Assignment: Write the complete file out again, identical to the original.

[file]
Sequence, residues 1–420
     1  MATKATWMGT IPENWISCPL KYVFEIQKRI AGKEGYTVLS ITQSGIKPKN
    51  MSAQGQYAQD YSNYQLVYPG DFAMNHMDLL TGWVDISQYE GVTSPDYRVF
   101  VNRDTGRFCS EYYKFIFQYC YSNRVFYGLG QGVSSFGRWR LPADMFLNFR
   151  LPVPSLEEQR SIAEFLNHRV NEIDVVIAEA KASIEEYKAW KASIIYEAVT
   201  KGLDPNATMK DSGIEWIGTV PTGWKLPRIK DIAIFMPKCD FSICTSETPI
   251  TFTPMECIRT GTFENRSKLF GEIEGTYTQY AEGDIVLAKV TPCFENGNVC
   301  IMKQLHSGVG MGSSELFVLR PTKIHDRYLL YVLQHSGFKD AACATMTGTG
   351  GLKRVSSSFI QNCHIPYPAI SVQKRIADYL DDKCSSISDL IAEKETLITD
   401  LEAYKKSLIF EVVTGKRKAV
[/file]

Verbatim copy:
Sequence, residues 1–420
     1  MATKATWMGT IPENWISCPL KYVFEIQKRI AGKEGYTVLS ITQSGIKPKN
    51  MSAQGQYAQD YSNYQLVYPG DFAMNHMDLL TGWVDISQYE GVTSPDYRVF
   101  VNRDTGRFCS EYYKFIFQYC YSNRVFYGLG QGVSSFGRWR LPADMFLNFR
   151  LPVPSLEEQR SIAEFLNHRV NEIDVVIAEA KASIEEYKAW KASIIYEAVT
   201  KGLDPNATMK DSGIEWIGTV PTGWKLPRIK DIAIFMPKCD FSICTSETPI
   251  TFTPMECIRT GTFENRSKLF GEIEGTYTQY AEGDIVLAKV TPCFENGNVC
   301  IMKQLHSGVG MGSSELFVLR PTKIHDRYLL YVLQHSGFKD AACATMTGTG
   351  GLKRVSSSFI QNCHIPYPAI SVQKRIADYL DDKCSSISDL IAEKETLITD
   401  LEAYKKSLIF EVVTGKRKAV